Pennsylvania Railroad (2-8-0) Consolidation Steam Locomotive

'Consolidation' is the U.S. designation for a steam locomotive that has a single-axle leading truck followed by four powered driving axles and no trailing truck. The wheel arrangement is 2-8-0.

The first locomotive of this wheel arrangement was commissioned by Alexander Mitchell, master mechanic of the Lehigh and Mahoney Railroad. He needed a powerful engine to pull coal loads over steep grades and found that 4-6-0s and 2-6-0s were not up to the task. The Baldwin Locomotive Works built a steam engine to his specifications in July 1866. The design was a great success and Baldwin soon incorporated the Consolidation in its line of offerings.

Alexander Mitchell's Consolidation as built by Baldwin - photographed outside the Philadelphia factory prior to delivery

The 2-8-0 design was given a major boost in 1875 when the PRR made it the railroad's standard freight locomotive. The same year, the Erie Railroad began replacing its 4-4-0s in freight service with 2-8-0s. Railroads found that the 2-8-0 could move trains twice as heavy for half the cost of earlier locos.

Most PRR Consolidations were constructed between 1901-15. They were built by Baldwin or the Pennsy's own shops in Altoona PA. Quite a few remained in service until the end of steam locomotive operation on the PRR in 1957. The Pennsy bought/built about 3,500 examples of the sturdy 2-8-0 workhorses.

A partially-built Consolidation is on the hoist at the Erecting Shop of the Baldwin Locomotive Works at Broad & Spring Garden Sts., Philadelphia. The photo was taken around 1900, when Baldwin was Philadelphia's largest employer with a workforce exceeding 8,200. In 1907, when employment reached 18,500, the firm moved from this cramped 17 acre urban site to a 225 acre site in nearby Eddystone, PA.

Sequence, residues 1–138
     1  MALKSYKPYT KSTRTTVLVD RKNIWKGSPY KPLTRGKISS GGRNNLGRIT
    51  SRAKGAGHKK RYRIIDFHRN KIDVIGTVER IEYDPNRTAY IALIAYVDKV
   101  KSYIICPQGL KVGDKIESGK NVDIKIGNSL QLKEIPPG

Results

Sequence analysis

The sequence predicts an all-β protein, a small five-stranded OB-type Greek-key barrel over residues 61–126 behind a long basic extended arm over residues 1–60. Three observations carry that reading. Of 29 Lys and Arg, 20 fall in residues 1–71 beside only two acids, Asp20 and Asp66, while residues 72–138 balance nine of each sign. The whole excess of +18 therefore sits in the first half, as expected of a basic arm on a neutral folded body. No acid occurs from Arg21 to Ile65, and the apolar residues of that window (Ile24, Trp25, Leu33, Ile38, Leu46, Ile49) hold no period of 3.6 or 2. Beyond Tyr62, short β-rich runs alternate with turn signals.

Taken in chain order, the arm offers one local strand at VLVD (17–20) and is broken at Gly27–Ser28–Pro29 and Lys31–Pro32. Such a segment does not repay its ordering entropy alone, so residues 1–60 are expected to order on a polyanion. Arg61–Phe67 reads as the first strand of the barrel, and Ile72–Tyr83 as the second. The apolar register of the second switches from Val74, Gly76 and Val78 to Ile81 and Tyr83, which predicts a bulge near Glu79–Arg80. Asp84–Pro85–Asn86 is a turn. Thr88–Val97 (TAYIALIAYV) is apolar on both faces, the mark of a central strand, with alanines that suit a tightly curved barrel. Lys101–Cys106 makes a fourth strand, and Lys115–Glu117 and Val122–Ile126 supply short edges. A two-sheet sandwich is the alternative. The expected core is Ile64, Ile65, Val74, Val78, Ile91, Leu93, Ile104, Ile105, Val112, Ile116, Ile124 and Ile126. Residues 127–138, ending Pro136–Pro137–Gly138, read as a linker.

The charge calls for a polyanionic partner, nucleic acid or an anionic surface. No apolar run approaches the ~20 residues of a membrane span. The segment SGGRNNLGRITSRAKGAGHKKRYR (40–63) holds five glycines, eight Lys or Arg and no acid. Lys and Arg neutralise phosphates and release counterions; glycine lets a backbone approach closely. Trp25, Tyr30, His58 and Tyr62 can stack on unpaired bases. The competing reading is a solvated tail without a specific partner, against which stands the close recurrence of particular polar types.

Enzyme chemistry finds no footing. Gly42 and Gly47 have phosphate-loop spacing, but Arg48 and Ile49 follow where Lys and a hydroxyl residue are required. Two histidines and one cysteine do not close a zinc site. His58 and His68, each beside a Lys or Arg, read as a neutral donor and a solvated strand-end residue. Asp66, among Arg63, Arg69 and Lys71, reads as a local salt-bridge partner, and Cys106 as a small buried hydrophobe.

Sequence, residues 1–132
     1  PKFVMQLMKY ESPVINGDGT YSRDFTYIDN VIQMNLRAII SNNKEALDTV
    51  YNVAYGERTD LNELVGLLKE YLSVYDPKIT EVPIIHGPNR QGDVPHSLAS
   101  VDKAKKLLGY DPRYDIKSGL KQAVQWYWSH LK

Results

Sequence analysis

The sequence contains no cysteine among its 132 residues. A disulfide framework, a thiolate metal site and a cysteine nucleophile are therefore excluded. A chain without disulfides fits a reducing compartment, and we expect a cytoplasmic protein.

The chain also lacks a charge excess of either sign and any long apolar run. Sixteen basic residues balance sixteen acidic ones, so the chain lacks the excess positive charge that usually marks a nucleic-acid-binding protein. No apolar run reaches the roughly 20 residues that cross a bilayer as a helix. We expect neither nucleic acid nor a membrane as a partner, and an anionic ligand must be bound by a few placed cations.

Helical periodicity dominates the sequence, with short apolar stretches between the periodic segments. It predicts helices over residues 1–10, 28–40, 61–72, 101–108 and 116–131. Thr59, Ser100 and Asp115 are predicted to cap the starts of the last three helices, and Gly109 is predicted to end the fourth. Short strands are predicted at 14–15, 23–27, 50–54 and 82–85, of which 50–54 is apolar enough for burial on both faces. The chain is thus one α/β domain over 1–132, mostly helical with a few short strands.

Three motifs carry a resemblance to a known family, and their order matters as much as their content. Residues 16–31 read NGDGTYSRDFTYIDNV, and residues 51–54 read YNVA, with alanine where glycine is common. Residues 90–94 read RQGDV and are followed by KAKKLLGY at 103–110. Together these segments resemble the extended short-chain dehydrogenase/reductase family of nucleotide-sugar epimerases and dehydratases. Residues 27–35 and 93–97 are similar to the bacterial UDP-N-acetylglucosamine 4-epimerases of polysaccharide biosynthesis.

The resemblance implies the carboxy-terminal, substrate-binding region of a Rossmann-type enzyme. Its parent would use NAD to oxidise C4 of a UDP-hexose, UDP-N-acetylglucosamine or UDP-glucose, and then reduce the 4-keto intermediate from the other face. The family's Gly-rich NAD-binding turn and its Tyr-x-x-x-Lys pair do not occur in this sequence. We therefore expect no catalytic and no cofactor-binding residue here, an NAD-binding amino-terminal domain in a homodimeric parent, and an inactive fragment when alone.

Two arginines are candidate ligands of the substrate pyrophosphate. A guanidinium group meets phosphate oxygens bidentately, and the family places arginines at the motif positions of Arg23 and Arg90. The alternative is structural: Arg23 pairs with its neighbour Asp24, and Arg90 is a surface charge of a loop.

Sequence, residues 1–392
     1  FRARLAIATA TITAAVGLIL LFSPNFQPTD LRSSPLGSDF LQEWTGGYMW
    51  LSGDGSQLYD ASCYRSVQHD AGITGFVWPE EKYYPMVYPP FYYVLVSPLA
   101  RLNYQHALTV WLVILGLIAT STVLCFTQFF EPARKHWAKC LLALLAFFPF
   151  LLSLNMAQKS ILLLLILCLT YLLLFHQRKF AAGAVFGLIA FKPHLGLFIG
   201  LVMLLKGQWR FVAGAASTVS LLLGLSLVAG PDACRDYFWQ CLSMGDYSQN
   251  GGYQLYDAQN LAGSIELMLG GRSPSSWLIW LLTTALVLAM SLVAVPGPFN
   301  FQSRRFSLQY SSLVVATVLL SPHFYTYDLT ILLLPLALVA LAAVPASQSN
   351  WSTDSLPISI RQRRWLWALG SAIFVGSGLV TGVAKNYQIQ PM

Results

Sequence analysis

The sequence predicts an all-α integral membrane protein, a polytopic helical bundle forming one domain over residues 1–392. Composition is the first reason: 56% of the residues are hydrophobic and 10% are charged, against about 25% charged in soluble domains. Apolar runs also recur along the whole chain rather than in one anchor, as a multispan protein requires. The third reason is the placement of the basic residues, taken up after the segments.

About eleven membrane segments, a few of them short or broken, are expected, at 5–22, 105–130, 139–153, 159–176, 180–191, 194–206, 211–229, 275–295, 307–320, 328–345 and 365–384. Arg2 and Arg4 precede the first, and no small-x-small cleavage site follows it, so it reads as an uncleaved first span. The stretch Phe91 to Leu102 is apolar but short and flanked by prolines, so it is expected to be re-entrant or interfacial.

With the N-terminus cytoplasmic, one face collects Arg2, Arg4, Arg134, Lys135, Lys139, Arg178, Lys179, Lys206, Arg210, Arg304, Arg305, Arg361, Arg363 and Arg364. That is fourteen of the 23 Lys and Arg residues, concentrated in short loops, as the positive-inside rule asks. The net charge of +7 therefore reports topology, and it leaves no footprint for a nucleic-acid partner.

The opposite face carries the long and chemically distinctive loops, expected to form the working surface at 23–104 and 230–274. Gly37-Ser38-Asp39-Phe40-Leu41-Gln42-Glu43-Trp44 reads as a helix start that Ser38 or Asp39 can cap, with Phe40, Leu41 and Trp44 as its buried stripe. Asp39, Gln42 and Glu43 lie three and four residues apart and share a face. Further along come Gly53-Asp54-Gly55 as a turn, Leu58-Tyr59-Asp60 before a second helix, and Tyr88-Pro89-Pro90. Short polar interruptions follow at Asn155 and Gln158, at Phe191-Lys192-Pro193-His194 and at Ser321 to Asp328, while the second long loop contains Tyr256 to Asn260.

Total U.S. production of the Consolidation class has been estimated at more than 33,000 locomotives. About a third were built for export to other countries.

PRR #2846, built in 1905 by the Baldwin Locomotive Works, has been preserved by the Railroad Museum of Pennsylvania. The nearby Strasburg Railroad regularly operates a Consolidation on its scheduled passenger train excursions.

In 2000, I bought an O-gauge Pennsylvania Express starter set made by MTH Electric Trains. The set included a PRR 2-8-0 Consolidation steam locomotive and tender, a box car, hopper car and caboose. It also featured Protosound, which produces a realistic steam-chuffing sound and an upgraded digital whistle sound. It is a very nice set and offered exceptional value for the money but the locomotive didn't have much 'cab appeal'. So I later bought and installed an engineer and fireman and seats from Arttista Figurines. I also detailed the locomotive cab's inside gauges and levers in brass and silver and put a "fire" in the firebox - using a mix of gold, red and yellow paints.

While the PRR Consolidation steam locomotive normally hauls a freight consist, it looks so good that - in 2009 - I purchased some heavyweight-style MTH Rail King passenger cars for it. These are the Rugged Rails series - the entry-level, budget line of cars offered by MTH. I was pleasantly surprised at the high level of quality and detail on these inexpensive models. Each of these well-made cars has overhead interior lighting, a full car interior, end-of-car elastomer diaphragms, diecast 6-wheel trucks and operating diecast metal couplers.

I detailed the open observation car with silver paint on the railing, gold finials, gold-trimmed rear lanterns and installed a drumhead made from a metal PRR lapel pin. I also installed figures in the coach seats of all coach cars and on the observation platform.

In early 2010, I produced a video short (running time - 1:51 min.) of my Consolidation loco and passenger consist in action:

More Train Info & Photos

Main Page - Introduction
Overview - General description
Aerial photo - Large overview of layout
Photorama - Several pages of photos
Construction - Progress photos and descriptions
Layout storage - How we move and store this train layout
Inventory list - It continues to grow
Frequently asked questions - And answers to them
Tips for a better layout - Ten helpful suggestions
My grandson's layout - A simple model railroad for kids
GM Aerotrain - 1950s Train of the Future
Hiawatha - The first streamlined steam loco
PRR GG1 - The most famous electric locomotive on earth
PRR Mallet - Pennsy's big, powerful steam freight hauler
PRR MP54 - Serving commuters for over 50 years
PRR T1 - Sleek and massive Pennsy steam power

copyright Joseph M. Sherlock - 2000-14